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  • Jim Ferraro

Rejecting Conventional Wisdom to Get Ahead

In my last post, I mentioned how, as a young lawyer, I was approached by a firm to represent clients in cases involving asbestos claims. You may recall that I’ve been providing you with some of my history, so that you can see the background that led to my considering to take on the Castillo case a few years later – a case that was both challenging and important. (The Castillos asked me to represent them against DuPont, in a toxic fungicide case that caused severe birth defects.)

I had agreed to work on behalf of clients who were seeking restitution for exposure to asbestos. The first case I tried was in 1991, representing a man named Joe Zabka. Joe was a pipefitter who was dying from lung cancer, a condition he developed as a result of smoking and working with a pipe-covering product manufactured by Owens Corning.

I drove to Joe’s house in Hollywood, Florida, where I met with him and his wife of 48 years. He was a very nice and decent working-class guy who was in a union in the neighboring city of Fort Lauderdale. Joe was living on oxygen and was barely able to walk. He was in pretty bad shape. I liked the guy and felt bad for his situation, so I said I’d take his case to trial.

When I met Joe for the first time, I had no idea that no one else was trying lung cancer cases caused by asbestos, because of the tobacco defense. This defense is based on the premise that smokers are much more likely to develop lung cancer from their smoking than from other factors, such as working with asbestos.

Perhaps it was my inexperience in this area, but I wasn’t deterred.

I happen to believe that being naïve isn’t such a bad thing—it simply means that you’re the type of person who tends to reject the conventional wisdom that something is a problem. I also knew that a 1985 Surgeon General’s report showed a synergy between smoke and asbestos.

According to this report, if you work with asbestos but don’t smoke, you’re five times more likely to develop lung cancer than someone who doesn’t smoke and doesn’t work with asbestos. If you don’t work with asbestos but do smoke, you’re 10 times more likely to get lung cancer. If you both work with asbestos and smoke, you’re 50 times more likely to develop lung cancer. In other words, a smoker who works with asbestos increases his chances to develop cancer fivefold! Joe made it clear in his video deposition before trial that he didn’t want to be compensated for smoking because he chose to do that for pleasure. He didn’t choose to breathe asbestos for pleasure, however. Sadly, no one—in particular the defendant, Owens Corning—had warned Joe about the dangers of asbestos.

By the time the case went to trial in 1991, Joe had died. He gave a very good video deposition before his death, which we used at trial. We won the case for a little over $1 million, in large part because we made it clear that Joe’s damages should be reduced by 20% to account for his smoking. The final payout was $850,000. I believe the jury had a lot of respect for this decision. I won my very first asbestos trial with no assistance from anyone.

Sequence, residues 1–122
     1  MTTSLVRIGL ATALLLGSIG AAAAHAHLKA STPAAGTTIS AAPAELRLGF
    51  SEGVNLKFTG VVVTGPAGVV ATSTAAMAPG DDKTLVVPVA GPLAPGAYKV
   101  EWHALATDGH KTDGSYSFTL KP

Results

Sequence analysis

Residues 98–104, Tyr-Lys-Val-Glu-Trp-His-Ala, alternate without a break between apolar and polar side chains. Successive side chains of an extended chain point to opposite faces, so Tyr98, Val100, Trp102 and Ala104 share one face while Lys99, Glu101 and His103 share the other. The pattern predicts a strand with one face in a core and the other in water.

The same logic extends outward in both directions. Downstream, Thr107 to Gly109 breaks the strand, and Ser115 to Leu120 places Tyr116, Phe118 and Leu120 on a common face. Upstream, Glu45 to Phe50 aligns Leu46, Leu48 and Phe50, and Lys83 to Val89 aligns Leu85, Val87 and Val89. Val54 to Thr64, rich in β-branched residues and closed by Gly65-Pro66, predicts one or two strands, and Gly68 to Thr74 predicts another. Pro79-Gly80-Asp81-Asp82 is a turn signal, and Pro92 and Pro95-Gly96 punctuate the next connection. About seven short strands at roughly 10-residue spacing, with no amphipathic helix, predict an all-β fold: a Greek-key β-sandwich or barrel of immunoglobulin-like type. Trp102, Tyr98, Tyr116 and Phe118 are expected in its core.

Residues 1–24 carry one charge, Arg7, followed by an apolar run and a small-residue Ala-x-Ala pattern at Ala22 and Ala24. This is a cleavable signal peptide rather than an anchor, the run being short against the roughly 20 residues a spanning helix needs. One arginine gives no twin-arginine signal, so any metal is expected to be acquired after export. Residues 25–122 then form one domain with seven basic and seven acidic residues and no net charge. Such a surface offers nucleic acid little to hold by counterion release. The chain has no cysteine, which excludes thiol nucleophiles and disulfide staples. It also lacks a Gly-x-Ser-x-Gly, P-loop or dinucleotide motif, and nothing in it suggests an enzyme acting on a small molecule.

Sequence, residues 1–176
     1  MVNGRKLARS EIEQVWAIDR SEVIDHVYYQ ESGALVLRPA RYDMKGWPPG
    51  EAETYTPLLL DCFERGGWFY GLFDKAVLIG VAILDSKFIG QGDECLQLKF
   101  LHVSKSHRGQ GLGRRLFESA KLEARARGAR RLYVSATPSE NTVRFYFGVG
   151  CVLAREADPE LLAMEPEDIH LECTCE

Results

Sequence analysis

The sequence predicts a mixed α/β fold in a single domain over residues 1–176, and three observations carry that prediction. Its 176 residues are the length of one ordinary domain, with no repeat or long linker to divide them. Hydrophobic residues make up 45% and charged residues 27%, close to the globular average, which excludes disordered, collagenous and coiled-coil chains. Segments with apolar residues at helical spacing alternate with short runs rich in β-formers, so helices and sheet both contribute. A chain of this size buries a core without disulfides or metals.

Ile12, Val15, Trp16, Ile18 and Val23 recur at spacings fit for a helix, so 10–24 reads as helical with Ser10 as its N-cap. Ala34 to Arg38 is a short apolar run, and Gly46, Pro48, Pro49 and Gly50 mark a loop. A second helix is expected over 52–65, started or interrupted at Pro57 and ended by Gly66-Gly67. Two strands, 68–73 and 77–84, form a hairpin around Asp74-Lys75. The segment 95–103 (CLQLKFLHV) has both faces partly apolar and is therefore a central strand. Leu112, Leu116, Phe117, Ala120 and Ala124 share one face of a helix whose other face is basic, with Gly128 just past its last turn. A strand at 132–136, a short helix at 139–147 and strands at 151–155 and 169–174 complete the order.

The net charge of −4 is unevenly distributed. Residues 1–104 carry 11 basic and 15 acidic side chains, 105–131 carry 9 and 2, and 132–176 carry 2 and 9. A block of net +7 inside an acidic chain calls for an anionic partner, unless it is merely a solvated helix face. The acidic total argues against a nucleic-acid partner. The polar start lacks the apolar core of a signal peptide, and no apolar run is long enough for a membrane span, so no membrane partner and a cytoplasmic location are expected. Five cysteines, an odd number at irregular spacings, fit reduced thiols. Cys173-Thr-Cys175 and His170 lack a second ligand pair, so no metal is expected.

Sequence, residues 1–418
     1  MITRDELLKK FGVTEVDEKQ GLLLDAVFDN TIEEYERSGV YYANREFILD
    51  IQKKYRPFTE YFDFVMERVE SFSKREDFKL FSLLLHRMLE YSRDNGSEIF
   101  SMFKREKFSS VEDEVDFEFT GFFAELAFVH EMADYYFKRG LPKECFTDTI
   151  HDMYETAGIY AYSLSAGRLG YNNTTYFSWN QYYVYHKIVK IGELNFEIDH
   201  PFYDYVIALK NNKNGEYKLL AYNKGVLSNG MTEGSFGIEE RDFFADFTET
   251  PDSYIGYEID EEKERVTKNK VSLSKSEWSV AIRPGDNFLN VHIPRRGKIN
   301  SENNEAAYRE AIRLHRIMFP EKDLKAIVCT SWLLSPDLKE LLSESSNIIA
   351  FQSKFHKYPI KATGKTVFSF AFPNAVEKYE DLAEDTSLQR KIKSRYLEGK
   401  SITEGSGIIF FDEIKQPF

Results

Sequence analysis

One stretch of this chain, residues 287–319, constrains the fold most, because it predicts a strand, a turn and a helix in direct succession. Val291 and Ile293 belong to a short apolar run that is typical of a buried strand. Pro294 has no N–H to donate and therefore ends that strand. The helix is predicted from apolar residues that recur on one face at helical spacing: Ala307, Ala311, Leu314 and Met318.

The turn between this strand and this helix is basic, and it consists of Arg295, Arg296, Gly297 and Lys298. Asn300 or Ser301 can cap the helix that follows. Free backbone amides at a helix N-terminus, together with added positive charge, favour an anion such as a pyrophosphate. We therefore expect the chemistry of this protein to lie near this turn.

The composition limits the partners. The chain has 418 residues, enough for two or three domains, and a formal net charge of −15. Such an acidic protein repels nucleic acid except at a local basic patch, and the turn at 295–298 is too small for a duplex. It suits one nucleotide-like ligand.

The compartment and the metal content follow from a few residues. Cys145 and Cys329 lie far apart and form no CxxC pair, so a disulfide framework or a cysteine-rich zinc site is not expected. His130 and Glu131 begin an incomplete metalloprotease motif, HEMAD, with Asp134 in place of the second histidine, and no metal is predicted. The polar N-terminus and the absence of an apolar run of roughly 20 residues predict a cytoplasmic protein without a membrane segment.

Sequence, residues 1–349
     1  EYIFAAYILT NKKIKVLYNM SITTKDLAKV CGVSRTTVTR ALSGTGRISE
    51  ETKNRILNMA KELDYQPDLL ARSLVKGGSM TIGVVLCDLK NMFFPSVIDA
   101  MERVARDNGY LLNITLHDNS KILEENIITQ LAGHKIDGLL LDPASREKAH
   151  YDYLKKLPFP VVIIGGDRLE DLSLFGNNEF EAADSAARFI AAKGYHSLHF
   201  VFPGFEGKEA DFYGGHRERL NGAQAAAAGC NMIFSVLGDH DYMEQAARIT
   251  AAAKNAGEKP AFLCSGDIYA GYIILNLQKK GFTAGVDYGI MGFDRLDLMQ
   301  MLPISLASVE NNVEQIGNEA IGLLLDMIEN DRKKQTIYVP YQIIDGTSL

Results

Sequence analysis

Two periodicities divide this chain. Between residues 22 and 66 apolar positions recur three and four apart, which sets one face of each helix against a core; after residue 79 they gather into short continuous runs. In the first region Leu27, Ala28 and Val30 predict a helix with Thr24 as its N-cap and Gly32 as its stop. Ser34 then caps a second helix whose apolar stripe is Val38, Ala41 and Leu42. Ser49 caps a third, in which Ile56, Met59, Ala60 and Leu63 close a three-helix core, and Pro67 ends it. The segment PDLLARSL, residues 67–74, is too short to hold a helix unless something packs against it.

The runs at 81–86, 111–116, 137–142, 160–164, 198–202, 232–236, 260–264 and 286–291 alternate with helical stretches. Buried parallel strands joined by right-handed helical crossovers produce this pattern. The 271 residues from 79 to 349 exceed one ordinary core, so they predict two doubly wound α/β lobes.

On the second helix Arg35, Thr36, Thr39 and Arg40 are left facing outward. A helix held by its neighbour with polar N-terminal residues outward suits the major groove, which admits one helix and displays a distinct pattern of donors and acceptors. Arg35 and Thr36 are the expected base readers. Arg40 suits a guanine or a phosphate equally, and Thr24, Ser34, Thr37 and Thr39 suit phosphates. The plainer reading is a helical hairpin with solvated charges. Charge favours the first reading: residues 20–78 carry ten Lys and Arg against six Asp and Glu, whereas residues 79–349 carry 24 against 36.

After the trial, I received a call from Eric Johnson, the head of the local union. He asked if we could meet for lunch.

“Sure,” I said, not realizing the connection.

We met at the City Club, located in my office building. “The reason I wanted to meet you is because Joe Zabka was my best friend,” Eric said. “I wanted to personally thank you for taking care of Joe and his family. It means a lot to me and the fellas in the union.”

I was stunned yet grateful for his acknowledgment. I had just done my job, but it felt good to hear someone tell me what a good job I did. As we finished our lunch, Eric turned to me and asked, “Can you represent people in other states?”

“Yeah, sure I can. Why?” In actuality, at the time I could file a case in Florida as long as one defendant was located in the state.

“I know the business agent for Local 537 in Boston and another guy in Chicago. If you’re interested, I’ll set you up with these guys.”

“I appreciate the vote of confidence,” I said. “Thank you, Mr. Johnson.”

Within weeks of that lunch, I was hopping on planes and meeting with these guys. They were in charge of their whole unions—­thousands of people and potential clients. After we met, they started recommending me as their go-to lawyer, and as a result, 99% of their cases came my way.

Eighteen months later, I had gone from representing 100 people to representing 4,000. Before I knew it, I was making serious money, and realized I would never have to worry about my income again. I had gone from the outhouse to the palace overnight.

“You’re one lucky son of bitch,” I thought. Not only was I doing good for other people, I was also reaping the rewards—big-time.

Life was good.

Which leads me to the Castillo family. I’ll return to that story in my next post.

You can find a lot more about my background, and the story of this case, in my book, Blindsided, from which this blog post is adapted.


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